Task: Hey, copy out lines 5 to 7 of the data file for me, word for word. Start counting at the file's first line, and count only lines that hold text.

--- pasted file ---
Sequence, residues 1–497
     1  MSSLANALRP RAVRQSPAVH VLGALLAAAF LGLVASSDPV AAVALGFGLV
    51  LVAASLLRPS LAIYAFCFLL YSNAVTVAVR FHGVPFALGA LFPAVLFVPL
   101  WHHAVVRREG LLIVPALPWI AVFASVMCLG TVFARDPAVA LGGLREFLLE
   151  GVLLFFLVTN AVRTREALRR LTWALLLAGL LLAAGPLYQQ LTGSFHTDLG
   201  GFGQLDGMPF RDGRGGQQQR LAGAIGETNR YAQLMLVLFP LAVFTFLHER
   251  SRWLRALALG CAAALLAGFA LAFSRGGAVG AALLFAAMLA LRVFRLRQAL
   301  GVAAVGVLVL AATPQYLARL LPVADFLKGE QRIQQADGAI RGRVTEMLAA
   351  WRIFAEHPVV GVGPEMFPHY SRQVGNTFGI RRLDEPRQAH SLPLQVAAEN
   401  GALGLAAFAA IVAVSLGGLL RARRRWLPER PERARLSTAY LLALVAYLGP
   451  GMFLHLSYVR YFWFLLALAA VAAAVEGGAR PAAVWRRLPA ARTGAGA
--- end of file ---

   151  GVLLFFLVTN AVRTREALRR LTWALLLAGL LLAAGPLYQQ LTGSFHTDLG
   201  GFGQLDGMPF RDGRGGQQQR LAGAIGETNR YAQLMLVLFP LAVFTFLHER
   251  SRWLRALALG CAAALLAGFA LAFSRGGAVG AALLFAAMLA LRVFRLRQAL